China was caught up last year in a convergence of slower growth, rising unemployment and the bankruptcies of some regional financial institutions. It chose to fight these dangerous trends by sharply expanding infrastructure investment and financial support to deficit-ridden state-owned enterprises long in need of reform.
At the 11-day National People’s Congress that ended Monday, Premier Zhu Rongji proposed to do more of the same this year. He reaffirmed the determination to stay the course on the restructuring of ailing SOEs and a shaky financial sector. But priority has clearly shifted to heading off the kind of disastrous downturns accompanied by social deterioration that occurred elsewhere in Asia in 1997-98. In a country where a single percentage point of growth or shrinkage means a difference of 1 million jobs more or less, Mr. Zhu could have found few other options, even if he were a reformer with blind faith in the power of the market to turn China into a competitive, modern economy.
After almost two decades of rapid growth averaging close to 10 percent, the Chinese economy’s loss of momentum became apparent last summer. Consumption, exports and inward foreign investment leveled off. As demand slackened, excess capacity, production backlogs and deficits bulged at the SOEs that still constitute the backbone of China’s industrial structure despite the increased importance of the private sector. SOEs also take care of a major share of China’s social safety net, dispensing pensions for retired employees, among other services. Meanwhile, bad loans accumulated at China’s four state banks to the point where they now account for an estimated 25 percent of their total assets.
By expanding fiscal expenditures and the flow of funds to the SOEs through the state banks, Beijing will likely be able to keep joblessness from rising to politically dangerous levels for a while. But it will have to put on hold the needed reform of the inefficient, money-losing SOEs and of the state banks burdened with degraded assets (often resulting from politically directed lending). Developmental economics affords a sympathetic view of China’s near-term policy. Joseph Stiglitz, the chief economist at the World Bank, said in a lecture last year that the cost of reversing a deep downturn once it has started could far exceed that of a preventive policy. His main emphasis, though, was on the importance of China’s tackling the second generation of reforms.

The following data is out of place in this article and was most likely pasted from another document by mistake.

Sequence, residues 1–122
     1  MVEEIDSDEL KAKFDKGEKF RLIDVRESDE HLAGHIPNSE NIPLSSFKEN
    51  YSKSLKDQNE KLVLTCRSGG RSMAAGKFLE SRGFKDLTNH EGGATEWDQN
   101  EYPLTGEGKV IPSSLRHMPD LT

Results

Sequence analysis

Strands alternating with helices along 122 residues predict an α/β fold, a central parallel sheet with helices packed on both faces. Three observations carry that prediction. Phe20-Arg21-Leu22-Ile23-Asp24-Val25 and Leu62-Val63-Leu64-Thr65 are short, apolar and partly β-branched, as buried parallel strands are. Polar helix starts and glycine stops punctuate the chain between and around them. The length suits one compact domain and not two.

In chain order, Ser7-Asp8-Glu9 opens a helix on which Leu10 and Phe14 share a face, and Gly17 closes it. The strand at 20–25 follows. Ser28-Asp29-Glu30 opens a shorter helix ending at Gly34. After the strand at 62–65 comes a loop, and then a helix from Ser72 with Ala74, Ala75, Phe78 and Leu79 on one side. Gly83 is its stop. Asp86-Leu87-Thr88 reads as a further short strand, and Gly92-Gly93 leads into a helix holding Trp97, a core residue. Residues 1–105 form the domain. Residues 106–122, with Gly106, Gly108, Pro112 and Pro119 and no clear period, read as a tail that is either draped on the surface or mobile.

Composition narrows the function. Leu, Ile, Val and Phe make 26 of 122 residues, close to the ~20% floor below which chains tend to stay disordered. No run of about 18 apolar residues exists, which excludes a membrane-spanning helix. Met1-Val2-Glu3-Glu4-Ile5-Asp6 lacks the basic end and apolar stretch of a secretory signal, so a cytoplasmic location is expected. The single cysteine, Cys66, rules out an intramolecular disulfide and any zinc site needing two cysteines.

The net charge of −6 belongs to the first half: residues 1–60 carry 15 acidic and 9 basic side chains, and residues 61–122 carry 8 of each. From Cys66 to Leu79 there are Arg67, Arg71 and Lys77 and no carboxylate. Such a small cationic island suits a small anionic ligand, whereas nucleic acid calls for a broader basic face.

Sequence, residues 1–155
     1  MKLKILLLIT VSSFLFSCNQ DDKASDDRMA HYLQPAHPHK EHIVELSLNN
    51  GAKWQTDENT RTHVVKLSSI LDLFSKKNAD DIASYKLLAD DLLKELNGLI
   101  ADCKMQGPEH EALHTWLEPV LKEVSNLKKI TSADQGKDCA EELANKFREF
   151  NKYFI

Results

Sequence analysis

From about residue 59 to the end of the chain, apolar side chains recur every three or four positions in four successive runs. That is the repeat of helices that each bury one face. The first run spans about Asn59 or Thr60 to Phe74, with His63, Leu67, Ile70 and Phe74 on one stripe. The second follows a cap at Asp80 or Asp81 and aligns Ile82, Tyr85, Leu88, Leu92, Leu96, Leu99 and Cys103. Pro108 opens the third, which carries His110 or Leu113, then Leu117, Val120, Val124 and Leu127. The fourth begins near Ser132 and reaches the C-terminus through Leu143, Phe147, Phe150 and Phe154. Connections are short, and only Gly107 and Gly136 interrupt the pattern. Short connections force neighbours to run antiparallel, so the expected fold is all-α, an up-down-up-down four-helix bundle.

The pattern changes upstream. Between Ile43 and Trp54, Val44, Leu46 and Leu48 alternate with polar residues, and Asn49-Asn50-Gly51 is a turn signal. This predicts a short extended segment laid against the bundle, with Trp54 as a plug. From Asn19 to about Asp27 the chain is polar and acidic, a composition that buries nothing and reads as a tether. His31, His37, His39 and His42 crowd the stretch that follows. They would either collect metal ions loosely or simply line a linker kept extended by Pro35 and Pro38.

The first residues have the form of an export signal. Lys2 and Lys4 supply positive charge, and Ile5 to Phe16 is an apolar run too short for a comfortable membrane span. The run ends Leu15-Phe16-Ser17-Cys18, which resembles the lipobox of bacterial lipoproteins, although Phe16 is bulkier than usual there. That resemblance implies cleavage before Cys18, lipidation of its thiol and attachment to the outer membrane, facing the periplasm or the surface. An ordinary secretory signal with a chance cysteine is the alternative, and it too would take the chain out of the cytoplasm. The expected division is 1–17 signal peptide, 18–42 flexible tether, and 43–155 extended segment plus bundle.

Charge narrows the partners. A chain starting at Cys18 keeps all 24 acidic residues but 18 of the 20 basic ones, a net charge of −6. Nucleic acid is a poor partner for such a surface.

One of the more recent difficulties in China’s foreign relations stemmed from several financial collapses in South China last autumn, especially that of the Guangdong International Trust and Investment Corporation. GITIC’s failure, which resulted from its trading losses and property investments, came as no surprise in itself; Guangdong, perhaps integrated more closely than any other Chinese province with Hong Kong and world markets beyond, had been buffeted by the global flight of capital from the emerging market.
What dismayed Japanese and other foreign banks was Beijing’s abrupt and unusual decision to have recourse to bankruptcy procedures and to make no distinction between foreign and domestic claims in liquidating GITIC. It is also feared that Beijing will apply the same policy to hundreds of similar local financial companies if and when some of them become insolvent. Indeed, many of the foreign lenders made their deals with the financial company without obtaining official debt guarantees from the central authorities, assuming that the fact of its being under the provincial government’s control was an equally good assurance. True, some Japanese businesspeople, long familiar with the Chinese way of problem solving, have not given up hope of getting a practical solution over time. But there was no hint of flexibility in Premier Zhu’s policy speech. Confidence in China as dependable borrower, which never missed a payment even during the anomalies of the Cultural Revolution, is bound to suffer.
Developing a secure relationship with major economic powers in trade and investment, as well as finance, is critical to China’s successful economic modernization. There is no doubt that China has a serious interest in becoming a major player in the world economy by pushing more reform and achieving a breakthrough in the drawn-out effort to win entry into the World Trade Organization. When he is in Washington for an official visit next month, Mr. Zhu will probably argue that internal stability, or Beijing’s ability to maintain it, not only does not impede but will in fact accelerate China’s progress in opening up further to the world.
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